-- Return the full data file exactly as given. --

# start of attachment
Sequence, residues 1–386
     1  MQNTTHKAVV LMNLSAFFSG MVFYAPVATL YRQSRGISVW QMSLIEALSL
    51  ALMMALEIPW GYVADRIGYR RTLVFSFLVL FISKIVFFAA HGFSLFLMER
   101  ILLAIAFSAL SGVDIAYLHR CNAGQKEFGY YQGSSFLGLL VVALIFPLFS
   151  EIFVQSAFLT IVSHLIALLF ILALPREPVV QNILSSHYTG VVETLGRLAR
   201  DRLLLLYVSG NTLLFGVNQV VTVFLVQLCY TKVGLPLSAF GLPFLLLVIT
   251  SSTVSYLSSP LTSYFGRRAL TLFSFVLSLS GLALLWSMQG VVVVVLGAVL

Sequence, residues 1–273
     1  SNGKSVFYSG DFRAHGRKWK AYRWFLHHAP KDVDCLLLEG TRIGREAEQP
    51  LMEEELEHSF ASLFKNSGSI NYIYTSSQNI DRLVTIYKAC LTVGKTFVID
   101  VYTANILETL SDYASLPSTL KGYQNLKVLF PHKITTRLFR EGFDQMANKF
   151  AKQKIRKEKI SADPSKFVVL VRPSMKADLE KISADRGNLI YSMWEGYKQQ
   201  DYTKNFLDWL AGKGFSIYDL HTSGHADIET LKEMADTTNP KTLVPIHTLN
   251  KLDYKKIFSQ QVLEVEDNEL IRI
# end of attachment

Sequence, residues 1–386
     1  MQNTTHKAVV LMNLSAFFSG MVFYAPVATL YRQSRGISVW QMSLIEALSL
    51  ALMMALEIPW GYVADRIGYR RTLVFSFLVL FISKIVFFAA HGFSLFLMER
   101  ILLAIAFSAL SGVDIAYLHR CNAGQKEFGY YQGSSFLGLL VVALIFPLFS
   151  EIFVQSAFLT IVSHLIALLF ILALPREPVV QNILSSHYTG VVETLGRLAR
   201  DRLLLLYVSG NTLLFGVNQV VTVFLVQLCY TKVGLPLSAF GLPFLLLVIT
   251  SSTVSYLSSP LTSYFGRRAL TLFSFVLSLS GLALLWSMQG VVVVVLGAVL

Sequence, residues 1–273
     1  SNGKSVFYSG DFRAHGRKWK AYRWFLHHAP KDVDCLLLEG TRIGREAEQP
    51  LMEEELEHSF ASLFKNSGSI NYIYTSSQNI DRLVTIYKAC LTVGKTFVID
   101  VYTANILETL SDYASLPSTL KGYQNLKVLF PHKITTRLFR EGFDQMANKF
   151  AKQKIRKEKI SADPSKFVVL VRPSMKADLE KISADRGNLI YSMWEGYKQQ
   201  DYTKNFLDWL AGKGFSIYDL HTSGHADIET LKEMADTTNP KTLVPIHTLN
   251  KLDYKKIFSQ QVLEVEDNEL IRI